Question: I have a small company that delivers goods to clients. I signed a contract with another company but they breached the terms of the contract. When I filed a case in court the other company objected, as there is an arbitration clause in the contract and so they requested that the court does not rule on the matter and that it is instead ruled upon by an arbitration court. The court then told me that, due to the clause, I must file my case at an arbitration institute instead. I am afraid of making mistakes. What should I do?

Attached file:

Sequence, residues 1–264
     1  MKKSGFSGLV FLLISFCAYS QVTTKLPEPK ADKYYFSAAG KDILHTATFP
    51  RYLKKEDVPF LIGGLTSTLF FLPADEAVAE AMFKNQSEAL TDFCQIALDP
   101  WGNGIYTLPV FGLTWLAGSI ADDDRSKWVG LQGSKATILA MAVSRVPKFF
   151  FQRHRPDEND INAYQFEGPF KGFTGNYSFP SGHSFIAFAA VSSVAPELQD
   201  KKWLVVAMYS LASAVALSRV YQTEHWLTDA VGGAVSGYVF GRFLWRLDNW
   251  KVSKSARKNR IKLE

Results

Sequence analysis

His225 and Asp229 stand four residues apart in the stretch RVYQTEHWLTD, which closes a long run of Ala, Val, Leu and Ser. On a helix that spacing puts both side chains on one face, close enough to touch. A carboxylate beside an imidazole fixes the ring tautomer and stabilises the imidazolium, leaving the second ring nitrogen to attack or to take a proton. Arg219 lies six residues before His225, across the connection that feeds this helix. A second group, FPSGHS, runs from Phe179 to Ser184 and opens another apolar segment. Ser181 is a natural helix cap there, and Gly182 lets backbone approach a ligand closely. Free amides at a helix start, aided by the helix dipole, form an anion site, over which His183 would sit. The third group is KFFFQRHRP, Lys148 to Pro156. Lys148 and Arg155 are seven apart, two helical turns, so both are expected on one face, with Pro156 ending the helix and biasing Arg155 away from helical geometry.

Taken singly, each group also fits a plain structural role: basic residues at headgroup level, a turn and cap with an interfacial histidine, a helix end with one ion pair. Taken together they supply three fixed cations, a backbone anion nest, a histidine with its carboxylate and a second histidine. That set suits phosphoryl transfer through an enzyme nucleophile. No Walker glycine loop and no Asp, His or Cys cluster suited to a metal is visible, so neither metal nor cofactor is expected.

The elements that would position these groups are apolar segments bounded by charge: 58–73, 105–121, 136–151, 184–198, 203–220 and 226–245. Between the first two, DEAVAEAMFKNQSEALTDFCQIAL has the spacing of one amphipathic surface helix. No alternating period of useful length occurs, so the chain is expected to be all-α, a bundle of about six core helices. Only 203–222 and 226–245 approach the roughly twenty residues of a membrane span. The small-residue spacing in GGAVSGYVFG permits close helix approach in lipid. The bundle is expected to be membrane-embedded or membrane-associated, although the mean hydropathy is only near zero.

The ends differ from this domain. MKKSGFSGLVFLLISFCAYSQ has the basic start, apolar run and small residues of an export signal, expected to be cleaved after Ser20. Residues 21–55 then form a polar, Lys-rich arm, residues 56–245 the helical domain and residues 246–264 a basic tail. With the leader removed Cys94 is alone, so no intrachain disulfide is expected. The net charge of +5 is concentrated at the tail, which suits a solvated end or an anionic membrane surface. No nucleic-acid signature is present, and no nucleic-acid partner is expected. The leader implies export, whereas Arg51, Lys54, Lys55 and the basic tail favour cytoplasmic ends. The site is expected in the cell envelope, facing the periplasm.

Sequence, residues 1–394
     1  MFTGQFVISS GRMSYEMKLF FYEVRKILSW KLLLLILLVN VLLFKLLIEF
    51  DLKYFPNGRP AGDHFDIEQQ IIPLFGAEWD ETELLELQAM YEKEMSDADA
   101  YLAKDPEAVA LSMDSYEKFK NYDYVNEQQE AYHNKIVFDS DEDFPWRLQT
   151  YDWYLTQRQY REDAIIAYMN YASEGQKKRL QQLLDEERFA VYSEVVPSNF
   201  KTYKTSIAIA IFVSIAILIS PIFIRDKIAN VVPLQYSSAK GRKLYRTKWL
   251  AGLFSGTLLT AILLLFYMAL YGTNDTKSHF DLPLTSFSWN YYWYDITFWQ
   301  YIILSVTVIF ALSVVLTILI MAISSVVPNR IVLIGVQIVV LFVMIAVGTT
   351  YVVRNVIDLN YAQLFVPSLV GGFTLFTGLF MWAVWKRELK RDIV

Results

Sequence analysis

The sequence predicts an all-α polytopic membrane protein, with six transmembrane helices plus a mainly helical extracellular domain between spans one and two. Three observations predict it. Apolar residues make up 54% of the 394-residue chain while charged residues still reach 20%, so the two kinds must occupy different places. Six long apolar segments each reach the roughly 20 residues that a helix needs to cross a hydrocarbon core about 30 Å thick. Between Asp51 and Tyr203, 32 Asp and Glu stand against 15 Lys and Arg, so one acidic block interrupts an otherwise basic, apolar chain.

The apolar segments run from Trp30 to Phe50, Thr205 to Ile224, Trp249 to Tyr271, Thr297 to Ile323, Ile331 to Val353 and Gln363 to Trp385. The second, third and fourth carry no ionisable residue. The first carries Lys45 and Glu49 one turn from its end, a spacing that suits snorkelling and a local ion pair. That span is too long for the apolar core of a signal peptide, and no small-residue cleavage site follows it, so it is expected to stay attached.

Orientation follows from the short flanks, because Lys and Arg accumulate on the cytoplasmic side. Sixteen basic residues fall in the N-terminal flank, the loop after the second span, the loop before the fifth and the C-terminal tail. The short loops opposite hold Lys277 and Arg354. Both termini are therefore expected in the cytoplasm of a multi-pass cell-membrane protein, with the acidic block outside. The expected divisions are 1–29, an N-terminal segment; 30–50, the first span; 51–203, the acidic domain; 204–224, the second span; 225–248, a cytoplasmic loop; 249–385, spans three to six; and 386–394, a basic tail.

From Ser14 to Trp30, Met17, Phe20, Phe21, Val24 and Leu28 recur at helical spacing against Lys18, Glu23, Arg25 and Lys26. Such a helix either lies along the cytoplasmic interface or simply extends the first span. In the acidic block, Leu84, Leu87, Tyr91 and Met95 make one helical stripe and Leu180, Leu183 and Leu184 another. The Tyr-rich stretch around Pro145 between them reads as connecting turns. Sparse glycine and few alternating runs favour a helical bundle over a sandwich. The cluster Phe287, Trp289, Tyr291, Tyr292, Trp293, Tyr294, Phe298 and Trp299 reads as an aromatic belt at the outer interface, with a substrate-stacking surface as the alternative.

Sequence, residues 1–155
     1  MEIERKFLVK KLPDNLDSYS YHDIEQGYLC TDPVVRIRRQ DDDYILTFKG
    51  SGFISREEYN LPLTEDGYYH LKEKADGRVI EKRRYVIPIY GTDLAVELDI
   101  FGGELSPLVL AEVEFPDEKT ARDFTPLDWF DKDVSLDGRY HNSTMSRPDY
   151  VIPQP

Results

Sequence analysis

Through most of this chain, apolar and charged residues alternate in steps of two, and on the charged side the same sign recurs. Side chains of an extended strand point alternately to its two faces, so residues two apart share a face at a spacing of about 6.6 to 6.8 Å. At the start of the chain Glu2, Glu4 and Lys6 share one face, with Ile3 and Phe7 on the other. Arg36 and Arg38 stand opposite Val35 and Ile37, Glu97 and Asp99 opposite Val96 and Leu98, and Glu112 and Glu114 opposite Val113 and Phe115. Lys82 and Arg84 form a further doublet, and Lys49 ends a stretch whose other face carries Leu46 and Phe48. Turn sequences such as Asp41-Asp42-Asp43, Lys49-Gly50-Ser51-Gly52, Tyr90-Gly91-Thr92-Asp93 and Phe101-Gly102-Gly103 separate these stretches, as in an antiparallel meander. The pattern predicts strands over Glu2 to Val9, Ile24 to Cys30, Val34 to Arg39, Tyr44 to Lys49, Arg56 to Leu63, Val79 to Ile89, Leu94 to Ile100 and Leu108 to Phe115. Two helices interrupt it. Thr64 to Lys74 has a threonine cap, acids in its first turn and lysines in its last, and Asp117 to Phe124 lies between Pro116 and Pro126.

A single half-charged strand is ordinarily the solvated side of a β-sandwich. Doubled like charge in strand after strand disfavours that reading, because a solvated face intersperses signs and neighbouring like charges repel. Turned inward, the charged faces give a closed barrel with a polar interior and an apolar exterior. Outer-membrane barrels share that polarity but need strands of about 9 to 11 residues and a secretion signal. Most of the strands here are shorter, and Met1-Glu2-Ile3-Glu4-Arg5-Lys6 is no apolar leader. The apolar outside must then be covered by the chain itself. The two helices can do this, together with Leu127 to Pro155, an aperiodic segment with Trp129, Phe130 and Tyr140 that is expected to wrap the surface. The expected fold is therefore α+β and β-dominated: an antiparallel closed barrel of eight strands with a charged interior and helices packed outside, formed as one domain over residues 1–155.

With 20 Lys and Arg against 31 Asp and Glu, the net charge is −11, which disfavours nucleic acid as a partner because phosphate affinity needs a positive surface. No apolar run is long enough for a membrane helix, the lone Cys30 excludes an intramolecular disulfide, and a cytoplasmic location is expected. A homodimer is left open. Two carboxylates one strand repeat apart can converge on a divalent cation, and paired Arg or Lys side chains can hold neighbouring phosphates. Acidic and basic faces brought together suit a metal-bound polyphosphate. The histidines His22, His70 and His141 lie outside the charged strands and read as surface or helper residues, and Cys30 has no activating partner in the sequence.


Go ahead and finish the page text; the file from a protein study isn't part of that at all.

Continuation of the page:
Answer: In accordance with Article 203 of Civil Procedures Law No. 11 of 1992 and its amendments, if you signed a contract with an arbitration clause and then try to file a case at a regular court, the other party has every right to object in the first hearing. If such an objection has been submitted in the first hearing, the court is duty-bound to dismiss the case due to it not being in its jurisdiction. However, if such a challenge is raised after the first hearing, the case must continue as the other party was too late in lodging their objection. So, firstly, check when the objection was filed. If the company attended and did not object, you have the right to appeal the court's decision within 30 days. If the objection was submitted at the right time, then you must file the case in the arbitration court if you wish to proceed. However, it is common practice for most arbitration clauses to contain notice periods, so one party is obliged to send notice to the other to allow them time to comply with the requirement or to settle the dispute before filing the arbitration case. Check your contract for any such notice and, if present, it is advised that you should follow the procedure to try to find a solution before going to the arbitration court.